Critic Reviews



Based on 19 critic reviews provided by
The Big Apple of this evanescent tone poem is an invented nocturnal landscape featuring speechifying eccentrics and absurdist moments that feel northern European in sensibility.
Kári relies too heavily on the fleeting rewards of situation for the film to come together as an involving story.
Time Out New York
The Good Heart dilutes Cox's gravitas with quirk.
The movie begins to wear out its welcome even before a conclusion of breathtaking corniness.
One of the least likable characters (Cox) in recent memory--irascible, but with moments of real tenderness--he's the reason this strange movie takes on a perverse charm that is uniquely its own.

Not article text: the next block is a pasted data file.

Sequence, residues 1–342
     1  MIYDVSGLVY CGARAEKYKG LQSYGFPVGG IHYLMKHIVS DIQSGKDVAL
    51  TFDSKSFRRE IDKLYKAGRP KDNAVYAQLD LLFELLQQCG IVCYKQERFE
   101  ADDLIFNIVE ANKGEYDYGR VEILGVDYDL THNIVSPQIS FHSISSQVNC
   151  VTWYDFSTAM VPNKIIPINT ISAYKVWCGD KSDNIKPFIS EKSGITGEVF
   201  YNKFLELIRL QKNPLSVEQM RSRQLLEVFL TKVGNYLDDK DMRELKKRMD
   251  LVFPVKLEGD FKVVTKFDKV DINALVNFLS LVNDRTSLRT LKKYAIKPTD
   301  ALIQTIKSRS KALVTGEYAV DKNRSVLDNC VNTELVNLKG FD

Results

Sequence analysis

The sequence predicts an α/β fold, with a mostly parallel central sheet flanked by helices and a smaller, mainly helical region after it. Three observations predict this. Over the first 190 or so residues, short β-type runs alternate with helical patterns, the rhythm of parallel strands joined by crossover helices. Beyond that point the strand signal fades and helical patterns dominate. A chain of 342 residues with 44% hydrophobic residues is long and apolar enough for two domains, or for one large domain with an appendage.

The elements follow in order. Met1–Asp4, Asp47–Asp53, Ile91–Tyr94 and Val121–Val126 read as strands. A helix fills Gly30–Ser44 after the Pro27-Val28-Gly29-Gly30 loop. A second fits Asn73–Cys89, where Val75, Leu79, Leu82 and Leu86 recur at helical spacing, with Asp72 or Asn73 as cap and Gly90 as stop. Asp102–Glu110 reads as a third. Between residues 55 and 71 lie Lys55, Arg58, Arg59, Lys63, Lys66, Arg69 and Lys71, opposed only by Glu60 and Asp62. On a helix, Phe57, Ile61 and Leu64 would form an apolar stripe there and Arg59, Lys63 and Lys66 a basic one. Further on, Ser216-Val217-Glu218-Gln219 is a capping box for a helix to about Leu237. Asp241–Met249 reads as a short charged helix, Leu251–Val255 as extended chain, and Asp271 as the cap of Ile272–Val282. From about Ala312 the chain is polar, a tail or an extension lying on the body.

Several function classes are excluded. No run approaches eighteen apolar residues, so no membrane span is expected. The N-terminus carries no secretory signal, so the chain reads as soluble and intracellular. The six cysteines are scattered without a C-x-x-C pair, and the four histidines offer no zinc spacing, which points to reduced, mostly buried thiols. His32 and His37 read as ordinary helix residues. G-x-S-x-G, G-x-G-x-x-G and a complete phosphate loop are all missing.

The movie's two bright spots are Cox and Dano, who perform excellently despite the dull inevitabilities the script forces on them.
Dagur Kari both wrote and directed, so he has no one else to blame for so little originality. Neither does his hard-working cast, all of whom deserve better.
Chicago Sun-Times
The actors cast themselves adrift on the sinking vessel of this story and go down with the ship.
Cox doesn't so much chew the scenery as inhale it. Dano looks on in awe.
As robust and clever an actor as Cox is, he can't make Jacques any less of a blowhard; Kari's wit simply doesn't come through in English, at least with this script.
It's a strange thing, this type of whimsy. Kari offers us ideas in place of characters, and yet he expects us to see through these ideas to the real-life conditions they represent - and then to respond to them in kind.

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